The Eurasian wren (Troglodytes troglodytes) is one of our commonest birds; it is very widely distributed, with an estimated population of eight million breeding pairs.
They are tiny birds, only the goldcrest is smaller, and they live most of their lives in deep cover, difficult to see and even harder to photograph.
The male is highly territorial and he announces his claim with surprisingly loud song. He builds several unlined nests for visiting females to choose from and when one of the females has made her choice, the pair line the nest together, with moss, hair and feathers.
Wren song recorded by W. Agster
Wren singing by Keith Gallie [CC BY 2.0]
The male defends his territory vigorously while he and his mate are rearing young but come winter, his behaviour changes. Wrens store very little body fat and, in the winter, keeping warm can be a problem; in fact, some authorities have estimated that a severe winter can kill half our wren population. The male wren with the most suitably accommodating territory will invite other wrens in the area to share his winter roost. He calls and makes short flights to announce that he has the room to do this.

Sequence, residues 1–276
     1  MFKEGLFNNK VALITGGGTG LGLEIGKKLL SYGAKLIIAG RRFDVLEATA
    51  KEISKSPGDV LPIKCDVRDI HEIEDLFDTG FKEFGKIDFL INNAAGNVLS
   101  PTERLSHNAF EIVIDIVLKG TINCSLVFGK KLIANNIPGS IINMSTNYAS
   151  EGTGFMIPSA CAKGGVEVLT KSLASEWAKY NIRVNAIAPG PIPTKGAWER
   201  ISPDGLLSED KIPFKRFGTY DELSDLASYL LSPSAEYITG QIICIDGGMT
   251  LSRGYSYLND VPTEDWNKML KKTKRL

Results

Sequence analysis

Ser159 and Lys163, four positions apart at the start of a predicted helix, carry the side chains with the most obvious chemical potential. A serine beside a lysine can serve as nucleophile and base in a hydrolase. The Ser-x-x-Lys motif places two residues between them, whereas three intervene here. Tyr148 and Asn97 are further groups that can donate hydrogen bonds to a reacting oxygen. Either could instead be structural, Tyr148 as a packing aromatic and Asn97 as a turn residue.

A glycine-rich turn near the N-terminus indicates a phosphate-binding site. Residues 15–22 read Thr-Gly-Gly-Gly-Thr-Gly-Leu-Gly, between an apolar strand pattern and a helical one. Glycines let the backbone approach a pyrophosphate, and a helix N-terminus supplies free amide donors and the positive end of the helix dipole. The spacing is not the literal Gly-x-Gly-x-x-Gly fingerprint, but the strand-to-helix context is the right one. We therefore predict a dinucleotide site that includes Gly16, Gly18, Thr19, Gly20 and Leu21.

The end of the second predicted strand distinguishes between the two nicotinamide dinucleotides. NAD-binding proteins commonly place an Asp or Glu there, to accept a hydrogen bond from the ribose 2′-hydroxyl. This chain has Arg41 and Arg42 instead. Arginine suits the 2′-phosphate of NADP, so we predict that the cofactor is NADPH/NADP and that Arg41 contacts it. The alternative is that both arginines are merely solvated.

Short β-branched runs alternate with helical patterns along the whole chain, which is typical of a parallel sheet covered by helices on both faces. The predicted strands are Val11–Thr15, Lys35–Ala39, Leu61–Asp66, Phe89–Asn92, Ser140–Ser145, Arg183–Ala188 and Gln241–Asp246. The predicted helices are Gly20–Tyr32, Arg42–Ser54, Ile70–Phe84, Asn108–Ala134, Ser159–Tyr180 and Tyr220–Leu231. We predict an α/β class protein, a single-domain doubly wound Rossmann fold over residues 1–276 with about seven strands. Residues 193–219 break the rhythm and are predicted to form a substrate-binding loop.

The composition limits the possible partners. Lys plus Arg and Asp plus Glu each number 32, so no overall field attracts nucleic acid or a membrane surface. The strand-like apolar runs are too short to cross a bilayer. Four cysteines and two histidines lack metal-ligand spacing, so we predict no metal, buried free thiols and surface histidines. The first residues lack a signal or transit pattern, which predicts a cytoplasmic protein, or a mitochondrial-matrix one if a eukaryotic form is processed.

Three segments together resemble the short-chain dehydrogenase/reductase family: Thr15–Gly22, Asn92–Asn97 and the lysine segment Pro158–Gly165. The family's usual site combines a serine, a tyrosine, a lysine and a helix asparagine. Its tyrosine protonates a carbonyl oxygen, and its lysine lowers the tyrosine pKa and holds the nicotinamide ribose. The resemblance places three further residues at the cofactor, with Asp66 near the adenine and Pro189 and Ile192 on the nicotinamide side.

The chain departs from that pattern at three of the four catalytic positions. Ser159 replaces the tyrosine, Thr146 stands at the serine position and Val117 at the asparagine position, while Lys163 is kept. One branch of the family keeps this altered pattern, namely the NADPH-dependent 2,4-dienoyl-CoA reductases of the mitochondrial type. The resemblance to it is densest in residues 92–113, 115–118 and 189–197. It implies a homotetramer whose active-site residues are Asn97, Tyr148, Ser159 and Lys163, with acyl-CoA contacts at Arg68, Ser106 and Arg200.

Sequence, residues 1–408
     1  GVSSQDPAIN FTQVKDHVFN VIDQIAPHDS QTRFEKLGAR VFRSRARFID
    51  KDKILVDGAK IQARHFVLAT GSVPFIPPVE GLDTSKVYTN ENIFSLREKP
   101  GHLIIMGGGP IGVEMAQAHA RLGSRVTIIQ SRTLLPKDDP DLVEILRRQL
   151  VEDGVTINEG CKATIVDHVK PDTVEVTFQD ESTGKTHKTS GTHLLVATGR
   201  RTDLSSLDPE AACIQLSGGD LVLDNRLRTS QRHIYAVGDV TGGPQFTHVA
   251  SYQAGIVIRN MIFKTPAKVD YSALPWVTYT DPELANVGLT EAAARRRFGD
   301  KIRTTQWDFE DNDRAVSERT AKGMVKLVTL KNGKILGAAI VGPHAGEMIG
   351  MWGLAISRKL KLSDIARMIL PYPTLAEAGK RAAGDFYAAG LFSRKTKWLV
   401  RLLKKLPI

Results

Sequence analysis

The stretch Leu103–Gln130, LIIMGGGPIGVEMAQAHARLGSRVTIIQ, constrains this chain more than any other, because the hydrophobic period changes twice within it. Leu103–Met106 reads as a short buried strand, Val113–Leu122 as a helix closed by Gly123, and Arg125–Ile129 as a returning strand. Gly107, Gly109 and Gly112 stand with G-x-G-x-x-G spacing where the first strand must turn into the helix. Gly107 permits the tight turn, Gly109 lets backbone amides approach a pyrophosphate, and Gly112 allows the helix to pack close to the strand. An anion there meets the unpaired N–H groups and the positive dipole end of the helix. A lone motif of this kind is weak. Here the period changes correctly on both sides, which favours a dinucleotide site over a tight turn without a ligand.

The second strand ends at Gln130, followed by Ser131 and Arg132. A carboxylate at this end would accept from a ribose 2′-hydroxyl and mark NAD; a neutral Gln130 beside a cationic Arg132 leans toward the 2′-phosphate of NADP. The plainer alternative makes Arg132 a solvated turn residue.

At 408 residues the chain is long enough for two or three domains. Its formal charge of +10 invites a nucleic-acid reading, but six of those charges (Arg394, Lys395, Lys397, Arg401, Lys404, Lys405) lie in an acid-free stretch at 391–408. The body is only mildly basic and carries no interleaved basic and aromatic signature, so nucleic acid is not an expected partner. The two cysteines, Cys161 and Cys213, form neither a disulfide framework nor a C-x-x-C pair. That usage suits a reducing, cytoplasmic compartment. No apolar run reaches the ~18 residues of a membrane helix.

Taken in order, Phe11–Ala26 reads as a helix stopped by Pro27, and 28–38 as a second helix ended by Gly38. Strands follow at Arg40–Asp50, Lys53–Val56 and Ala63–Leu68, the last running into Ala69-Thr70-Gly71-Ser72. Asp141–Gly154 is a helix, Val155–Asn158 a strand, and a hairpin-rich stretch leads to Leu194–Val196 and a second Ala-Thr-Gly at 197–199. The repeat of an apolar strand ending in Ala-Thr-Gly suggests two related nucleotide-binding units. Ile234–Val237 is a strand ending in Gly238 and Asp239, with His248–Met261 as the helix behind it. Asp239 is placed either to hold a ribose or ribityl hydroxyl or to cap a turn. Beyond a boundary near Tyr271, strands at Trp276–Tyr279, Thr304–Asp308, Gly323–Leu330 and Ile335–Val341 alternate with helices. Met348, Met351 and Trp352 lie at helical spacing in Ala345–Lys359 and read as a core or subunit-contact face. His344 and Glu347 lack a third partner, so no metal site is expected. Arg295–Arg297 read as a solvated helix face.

The birds huddle together for warmth, with their heads pointing inwards, sometimes in astonishing numbers. In 1969, in Norfolk, 61 wrens were counted coming out of the same nesting box and in February of 1979, somewhere in Gloucestershire, over 90 wrens were found to be roosting in the eaves of a single cottage.
The male wren, whose territory is used as a winter roost, usually gets to mate with one of the females that has shared his roost. His behaviour, therefore, in inviting other wrens to overwinter with him may not be as altruistic as it first seems: he not only stays warm all winter but, in the spring, he gets first choice of all the females in the immediate area.
A wren’s nest with nestlings
The header picture is by Ian on Flickr (CC BY-NC 2.0)